black swan

Saw Black Swan last night, after finding out that True Grit has been yanked out of the Ayala cinemas. For shame, we really wanted to see the Coen brothers’ film. But no regrets, the Natalie Portman-starrer is worth its ticket price.

We summarized it thus: Nina should take it easy. Or: Don’t do drugs and dance ballet. But that’s not to belittle this gorgeous film, which I still found gripping and hypnotizing and intense even after seeing it for the second time. Winona Ryder still made me jump, that <expletive>.

In the film, Nina the ballerina grapples with the problem of how to lose control and exude evilness in a dance that requires complete control, and a lightness that should remind one of angels. Finding the solution to this problem breaks her, eventually, because the body and the mind can only suffer enough injuries.

The first time I saw the trailer I knew – just knew – that I would love it: ballet + psychological horror + character fragmentation (+ okay that lesbian kiss intrigued me harhar + Nina’s make-up as the Black Swan is just lovely). Body horror is indeed horrific (“The Metamorphosis”, plus the Philippines’ many legends of transforming sinners, like the “Alamat ng Pinya” – have you ever considered how fucked up the “Alamat ng Pinya” is?), and this film made the ethereal swan look monstrous.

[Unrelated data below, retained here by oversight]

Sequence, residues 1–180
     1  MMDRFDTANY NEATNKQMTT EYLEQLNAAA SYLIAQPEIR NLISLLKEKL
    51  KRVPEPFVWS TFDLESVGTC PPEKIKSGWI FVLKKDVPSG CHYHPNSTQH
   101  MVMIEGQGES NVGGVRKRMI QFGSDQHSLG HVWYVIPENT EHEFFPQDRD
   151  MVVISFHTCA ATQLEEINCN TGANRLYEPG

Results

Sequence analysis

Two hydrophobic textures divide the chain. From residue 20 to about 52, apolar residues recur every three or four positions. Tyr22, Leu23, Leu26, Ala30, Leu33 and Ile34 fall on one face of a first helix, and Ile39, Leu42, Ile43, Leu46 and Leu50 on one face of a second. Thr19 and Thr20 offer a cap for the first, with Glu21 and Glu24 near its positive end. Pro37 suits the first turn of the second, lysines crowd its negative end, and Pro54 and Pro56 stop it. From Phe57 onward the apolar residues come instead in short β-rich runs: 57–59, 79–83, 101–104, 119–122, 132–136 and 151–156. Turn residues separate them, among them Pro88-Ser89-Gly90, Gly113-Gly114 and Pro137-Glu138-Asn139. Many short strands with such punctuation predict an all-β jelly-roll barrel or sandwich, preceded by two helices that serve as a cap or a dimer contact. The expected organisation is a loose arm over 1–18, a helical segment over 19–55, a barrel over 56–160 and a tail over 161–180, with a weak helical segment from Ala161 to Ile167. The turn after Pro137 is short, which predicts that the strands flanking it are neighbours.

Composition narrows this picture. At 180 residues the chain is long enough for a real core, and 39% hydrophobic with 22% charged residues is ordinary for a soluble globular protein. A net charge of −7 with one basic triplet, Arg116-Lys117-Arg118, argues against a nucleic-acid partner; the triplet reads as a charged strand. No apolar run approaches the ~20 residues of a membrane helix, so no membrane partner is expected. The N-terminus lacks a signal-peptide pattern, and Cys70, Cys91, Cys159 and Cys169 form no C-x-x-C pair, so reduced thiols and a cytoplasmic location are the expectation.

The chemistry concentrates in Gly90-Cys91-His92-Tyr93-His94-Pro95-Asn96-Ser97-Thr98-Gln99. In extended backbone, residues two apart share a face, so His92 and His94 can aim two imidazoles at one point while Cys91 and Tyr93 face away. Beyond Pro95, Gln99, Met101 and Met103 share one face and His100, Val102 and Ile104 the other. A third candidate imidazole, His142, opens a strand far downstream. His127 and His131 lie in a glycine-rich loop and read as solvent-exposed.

I’ve read a review online saying the film only made the reviewer ask more questions instead of giving her answers and I think: What questions, and why do they have to be answered? The film shows a young girl’s descent (or ascent?) to insanity. It is not a mystery that needs to be solved, it is meant to be experienced.

Why ask questions? There are no answers here.

Leave a Reply

Fill in your details below or click an icon to log in: Logo

You are commenting using your account. Log Out /  Change )

Twitter picture

You are commenting using your Twitter account. Log Out /  Change )

Facebook photo

You are commenting using your Facebook account. Log Out /  Change )

Connecting to %s